The assistant professor of communications used eye-tracking technology to determine how people pay attention to nutrition labels.
Elon University School of Communications Assistant Professor Lucinda Austin co-authored an article appearing in the September 2014 issue of the Journal of Health Communication titled “Predicting Visual Attention to Nutrition Information on Food Products: The Influence of Motivation and Ability.”
In response to calls from the U.S. Food and Drug Administration to investigate the extent to which consumers use front-of-package nutrition symbols on food product packaging, this research employed eye-tracking technology as an innovative way to examine how people pay visual attention to the information contained in nutrition labels and front-of-package nutrition symbols.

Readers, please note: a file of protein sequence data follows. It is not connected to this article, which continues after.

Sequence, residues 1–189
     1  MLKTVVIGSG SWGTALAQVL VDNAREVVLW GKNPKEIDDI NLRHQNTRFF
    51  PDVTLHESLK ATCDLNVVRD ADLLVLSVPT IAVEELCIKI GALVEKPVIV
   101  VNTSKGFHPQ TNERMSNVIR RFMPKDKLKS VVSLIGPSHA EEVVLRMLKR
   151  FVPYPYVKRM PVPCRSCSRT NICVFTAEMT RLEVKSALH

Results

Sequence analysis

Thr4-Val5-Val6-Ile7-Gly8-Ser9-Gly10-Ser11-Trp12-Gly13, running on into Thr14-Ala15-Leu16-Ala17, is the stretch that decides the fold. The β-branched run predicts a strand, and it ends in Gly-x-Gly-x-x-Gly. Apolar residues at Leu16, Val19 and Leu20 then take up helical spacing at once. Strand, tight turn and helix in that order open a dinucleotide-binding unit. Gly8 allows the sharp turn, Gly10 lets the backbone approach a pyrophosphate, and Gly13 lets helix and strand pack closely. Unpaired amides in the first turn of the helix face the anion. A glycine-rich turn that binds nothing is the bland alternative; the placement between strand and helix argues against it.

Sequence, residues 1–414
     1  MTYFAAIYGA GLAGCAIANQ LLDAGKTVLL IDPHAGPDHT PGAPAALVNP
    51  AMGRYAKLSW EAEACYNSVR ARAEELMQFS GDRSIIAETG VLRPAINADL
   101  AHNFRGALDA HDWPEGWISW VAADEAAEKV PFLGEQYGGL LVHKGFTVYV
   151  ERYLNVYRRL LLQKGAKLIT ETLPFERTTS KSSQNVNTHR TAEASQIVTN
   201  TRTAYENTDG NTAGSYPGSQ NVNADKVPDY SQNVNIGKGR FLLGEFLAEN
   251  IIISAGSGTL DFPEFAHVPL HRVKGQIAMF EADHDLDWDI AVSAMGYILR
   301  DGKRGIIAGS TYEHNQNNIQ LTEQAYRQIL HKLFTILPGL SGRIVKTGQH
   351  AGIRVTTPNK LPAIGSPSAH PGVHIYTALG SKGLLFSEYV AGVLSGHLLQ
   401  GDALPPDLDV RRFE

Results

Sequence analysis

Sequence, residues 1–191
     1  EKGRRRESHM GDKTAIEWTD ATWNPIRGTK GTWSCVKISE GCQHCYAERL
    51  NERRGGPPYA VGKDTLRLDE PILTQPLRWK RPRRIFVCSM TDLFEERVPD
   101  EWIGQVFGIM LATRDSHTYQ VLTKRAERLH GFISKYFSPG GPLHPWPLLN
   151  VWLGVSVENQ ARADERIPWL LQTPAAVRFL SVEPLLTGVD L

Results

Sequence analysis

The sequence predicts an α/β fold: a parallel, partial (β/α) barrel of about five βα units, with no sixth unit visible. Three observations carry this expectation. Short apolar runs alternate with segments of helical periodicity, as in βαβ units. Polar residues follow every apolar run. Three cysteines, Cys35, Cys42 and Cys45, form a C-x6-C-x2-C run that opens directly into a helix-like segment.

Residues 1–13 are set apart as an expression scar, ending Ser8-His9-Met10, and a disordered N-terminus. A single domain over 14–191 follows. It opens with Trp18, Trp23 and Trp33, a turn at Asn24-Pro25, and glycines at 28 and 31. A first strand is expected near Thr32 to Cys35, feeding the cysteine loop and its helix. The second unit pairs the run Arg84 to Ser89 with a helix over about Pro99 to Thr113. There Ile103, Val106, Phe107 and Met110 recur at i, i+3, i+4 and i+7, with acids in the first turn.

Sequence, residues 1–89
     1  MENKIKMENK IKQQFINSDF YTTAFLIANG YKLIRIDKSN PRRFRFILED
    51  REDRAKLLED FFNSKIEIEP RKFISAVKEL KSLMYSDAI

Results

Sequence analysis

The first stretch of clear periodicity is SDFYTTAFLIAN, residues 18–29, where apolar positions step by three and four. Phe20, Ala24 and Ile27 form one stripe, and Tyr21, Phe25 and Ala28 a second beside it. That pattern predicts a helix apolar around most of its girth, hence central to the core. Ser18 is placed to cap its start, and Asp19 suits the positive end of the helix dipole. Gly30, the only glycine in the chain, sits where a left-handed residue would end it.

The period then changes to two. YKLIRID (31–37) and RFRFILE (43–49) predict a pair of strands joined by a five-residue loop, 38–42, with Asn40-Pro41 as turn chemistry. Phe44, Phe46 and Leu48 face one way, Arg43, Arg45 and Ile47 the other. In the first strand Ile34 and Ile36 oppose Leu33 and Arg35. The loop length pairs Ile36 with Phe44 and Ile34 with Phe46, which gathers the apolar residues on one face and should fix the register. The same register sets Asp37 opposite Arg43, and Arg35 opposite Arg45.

Findings revealed that individuals with a higher motivation to buy healthy foods spend more time looking at all available nutrition information, including front-of-package nutrition symbols, many of which are not currently regulated by the FDA. Additionally, individuals with a motivation to buy foods based on taste, rather than health, spent more time looking at the non-regulated front-of-package nutrition symbols than the FDA-regulated nutrition label. Implications of these results for public policy and food labeling are discussed in the article.
The research was completed with colleagues from George Washington University, Emerson College and the University of Maryland.